[Ἀτ]τάλωι
[Σω]τ[ῆρι]


Apparatus

Line 1: [ΒAΣ]IΔEI on the stone

Translation


To King Attalos Soter

Traduzione


Al re Attalos Soter

Commentary

This finely executed altar is the only one made of marble from the dossier of dedications to Attalos I Soter in Pergamon. Small altars for Attalid kings (Attalos I and Eumenes II, at Pergamon and Herakleia near Latmos; see PHRC019-028) testify to the participation of non-institutional agents, such as associations and individuals, in the Attalid ruler cult. This specimen does not mention the donor, yet the choice of marble, an expensive material which was not quarried nearby Pergamon in Antiquity (Cramer 2004, p. 216-219), and the quality of the decoration and writing plausibly point to an agent belonging to the upper ranks of Pergamon society (Caneva 2020).

Like for the other preserved altars of Attalos I, the shape and measures of this specimen suggest that it was meant for libations and the burning of perfumes, not for animal sacrifices. This is the common use of small altars (such as those for Arsinoe Philadelphos), as already pointed out by Yavis 1949, p. 171-175.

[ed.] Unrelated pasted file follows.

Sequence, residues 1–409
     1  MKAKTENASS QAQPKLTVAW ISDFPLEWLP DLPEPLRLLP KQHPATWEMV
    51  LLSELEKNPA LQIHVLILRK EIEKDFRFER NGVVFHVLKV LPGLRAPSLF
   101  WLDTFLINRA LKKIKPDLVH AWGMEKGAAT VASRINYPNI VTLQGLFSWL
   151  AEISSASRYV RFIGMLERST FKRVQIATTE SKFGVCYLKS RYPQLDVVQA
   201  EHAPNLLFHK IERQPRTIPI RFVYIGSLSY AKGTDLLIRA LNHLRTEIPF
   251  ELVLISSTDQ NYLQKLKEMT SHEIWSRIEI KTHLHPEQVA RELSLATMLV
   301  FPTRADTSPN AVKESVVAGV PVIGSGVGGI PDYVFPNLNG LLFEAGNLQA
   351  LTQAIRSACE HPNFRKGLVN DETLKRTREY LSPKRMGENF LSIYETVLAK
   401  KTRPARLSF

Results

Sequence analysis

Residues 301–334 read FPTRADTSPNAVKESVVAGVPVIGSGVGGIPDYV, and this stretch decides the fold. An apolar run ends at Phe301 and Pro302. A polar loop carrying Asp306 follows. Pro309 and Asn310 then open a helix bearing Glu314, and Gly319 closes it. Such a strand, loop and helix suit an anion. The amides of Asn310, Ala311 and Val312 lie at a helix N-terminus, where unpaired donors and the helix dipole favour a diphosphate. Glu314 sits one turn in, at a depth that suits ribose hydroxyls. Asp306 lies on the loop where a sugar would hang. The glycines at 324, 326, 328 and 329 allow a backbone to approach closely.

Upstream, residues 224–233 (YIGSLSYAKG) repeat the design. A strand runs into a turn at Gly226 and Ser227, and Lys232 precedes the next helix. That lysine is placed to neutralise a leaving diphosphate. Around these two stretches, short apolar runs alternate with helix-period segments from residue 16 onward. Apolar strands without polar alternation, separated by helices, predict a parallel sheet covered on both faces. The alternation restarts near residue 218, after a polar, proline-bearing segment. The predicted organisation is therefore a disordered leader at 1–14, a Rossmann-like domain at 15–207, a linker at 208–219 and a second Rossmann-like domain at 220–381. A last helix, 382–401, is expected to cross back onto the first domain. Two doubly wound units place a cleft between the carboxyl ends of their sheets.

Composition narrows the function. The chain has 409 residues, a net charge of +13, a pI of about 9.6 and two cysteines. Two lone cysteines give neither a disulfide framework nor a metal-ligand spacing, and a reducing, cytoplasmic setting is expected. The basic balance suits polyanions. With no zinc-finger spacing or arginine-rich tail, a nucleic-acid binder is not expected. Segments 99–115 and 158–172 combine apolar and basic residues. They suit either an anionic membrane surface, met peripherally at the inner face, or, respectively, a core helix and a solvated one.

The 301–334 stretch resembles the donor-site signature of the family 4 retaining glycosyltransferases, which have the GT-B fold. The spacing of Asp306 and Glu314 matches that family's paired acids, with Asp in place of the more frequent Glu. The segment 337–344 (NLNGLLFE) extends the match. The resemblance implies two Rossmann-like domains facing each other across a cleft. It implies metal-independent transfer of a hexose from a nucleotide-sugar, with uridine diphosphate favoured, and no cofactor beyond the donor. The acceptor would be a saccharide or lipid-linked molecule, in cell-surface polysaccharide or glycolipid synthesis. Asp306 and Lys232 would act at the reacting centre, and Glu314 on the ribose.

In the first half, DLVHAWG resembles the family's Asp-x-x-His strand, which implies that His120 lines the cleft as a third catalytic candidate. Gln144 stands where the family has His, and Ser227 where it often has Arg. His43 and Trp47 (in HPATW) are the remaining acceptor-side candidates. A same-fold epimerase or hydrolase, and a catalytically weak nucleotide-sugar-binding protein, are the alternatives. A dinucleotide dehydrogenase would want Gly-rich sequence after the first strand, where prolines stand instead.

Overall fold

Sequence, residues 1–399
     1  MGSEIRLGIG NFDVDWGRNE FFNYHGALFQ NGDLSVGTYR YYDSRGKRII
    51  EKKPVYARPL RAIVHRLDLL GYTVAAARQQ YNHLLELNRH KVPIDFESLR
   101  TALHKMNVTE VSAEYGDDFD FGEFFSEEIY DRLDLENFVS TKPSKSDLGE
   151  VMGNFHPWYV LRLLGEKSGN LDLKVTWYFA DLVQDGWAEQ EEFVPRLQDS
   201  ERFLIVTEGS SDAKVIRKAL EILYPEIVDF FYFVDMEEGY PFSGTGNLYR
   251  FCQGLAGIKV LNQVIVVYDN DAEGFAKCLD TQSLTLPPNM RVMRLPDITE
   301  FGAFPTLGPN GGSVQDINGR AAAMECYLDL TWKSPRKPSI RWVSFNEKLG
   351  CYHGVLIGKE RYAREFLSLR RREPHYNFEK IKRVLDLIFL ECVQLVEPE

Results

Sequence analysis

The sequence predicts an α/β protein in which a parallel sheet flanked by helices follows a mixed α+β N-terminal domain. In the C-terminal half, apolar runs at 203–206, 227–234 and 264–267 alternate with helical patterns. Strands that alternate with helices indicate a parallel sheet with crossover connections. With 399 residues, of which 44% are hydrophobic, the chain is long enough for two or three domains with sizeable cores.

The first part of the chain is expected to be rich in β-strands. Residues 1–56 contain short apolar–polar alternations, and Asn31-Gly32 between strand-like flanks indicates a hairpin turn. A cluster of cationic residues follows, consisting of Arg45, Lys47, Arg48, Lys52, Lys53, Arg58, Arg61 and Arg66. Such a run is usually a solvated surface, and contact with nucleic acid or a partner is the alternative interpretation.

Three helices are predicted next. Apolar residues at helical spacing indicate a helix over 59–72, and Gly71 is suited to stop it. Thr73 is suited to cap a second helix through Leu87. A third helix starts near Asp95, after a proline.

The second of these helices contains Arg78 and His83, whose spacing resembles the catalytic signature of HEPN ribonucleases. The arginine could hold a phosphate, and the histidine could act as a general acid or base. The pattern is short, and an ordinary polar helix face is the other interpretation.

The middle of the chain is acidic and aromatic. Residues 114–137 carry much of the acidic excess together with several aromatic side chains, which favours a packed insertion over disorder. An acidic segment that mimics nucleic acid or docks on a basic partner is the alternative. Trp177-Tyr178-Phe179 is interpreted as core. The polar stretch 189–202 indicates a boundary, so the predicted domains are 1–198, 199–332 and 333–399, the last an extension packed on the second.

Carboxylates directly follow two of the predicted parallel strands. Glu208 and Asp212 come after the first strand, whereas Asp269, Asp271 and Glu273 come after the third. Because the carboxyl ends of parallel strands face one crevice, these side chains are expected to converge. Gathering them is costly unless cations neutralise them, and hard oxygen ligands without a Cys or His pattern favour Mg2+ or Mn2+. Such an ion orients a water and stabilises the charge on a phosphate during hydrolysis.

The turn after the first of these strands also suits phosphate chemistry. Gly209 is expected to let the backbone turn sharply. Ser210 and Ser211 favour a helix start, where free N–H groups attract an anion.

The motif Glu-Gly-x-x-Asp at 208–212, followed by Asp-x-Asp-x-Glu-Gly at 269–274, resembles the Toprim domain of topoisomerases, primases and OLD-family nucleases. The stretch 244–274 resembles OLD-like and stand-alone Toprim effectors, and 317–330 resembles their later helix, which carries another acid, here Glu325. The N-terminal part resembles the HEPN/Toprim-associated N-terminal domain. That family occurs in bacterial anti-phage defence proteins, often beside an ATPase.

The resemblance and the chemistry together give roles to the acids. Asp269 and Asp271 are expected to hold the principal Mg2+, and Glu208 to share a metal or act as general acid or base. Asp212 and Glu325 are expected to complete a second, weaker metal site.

Attalos deserved his epithet Soter together with the royal title in the years 230s, when he repeatedly defeated the army of the Seleucid rebel Antiochos Hierax and the troops of his Celtic allies, thus temporarily imposing Pergamon as a regional power in Western Asia Minor (Hansen 1971, p. 28-38; Strootman 2005, p. 122-123). On the ground of the letter shape, it is plausible that the altar belongs to this period, although the practice of dedicating altars to the cult of Attalos I may have survived at least down to the reign of Eumenes II, and perhaps even later (see commentary to PHRC021, 023, 024).

The archaeological context of discovery reveals that the Attalid altars were to a large extent dedicated in sanctuaries and other public spaces rather than in private houses (but see the exceptions of PHRC023 and PHRC024). This specimen was found during the excavation of the theatre, which probably is its original location. The new theatre of Pergamon was probably erected during the reign of Attalos I, replacing a previously existing structure. Since it also hosted the meetings of the people’s assembly (Bielfeldt 2010, p. 184; Rheidt 2015, p. 303), it constituted a perfect location to integrate the cult of Attalos I in the public life of the people of Pergamon.

Author:
Stefano Caneva, on 26.02.2019
Revisions:
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Travocial - Social Travel & Storytelling Practicalities of Hellenistic Ruler Cults
Marie Curie PISCOPIA project no. PISC14IGRU, University of Padova (2015-2017)
FNRS project no. 98368 (2017-2020)
Stefano Caneva
ste.caneva@gmail.com
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The research leading to these results has received funding from the European Commission, Seventh Framework Programme, under Grant Agreement n° 600376 (2015-2017), and from the Fonds National de la Recherche Scientifique (FNRS), Belgium (2017-2020).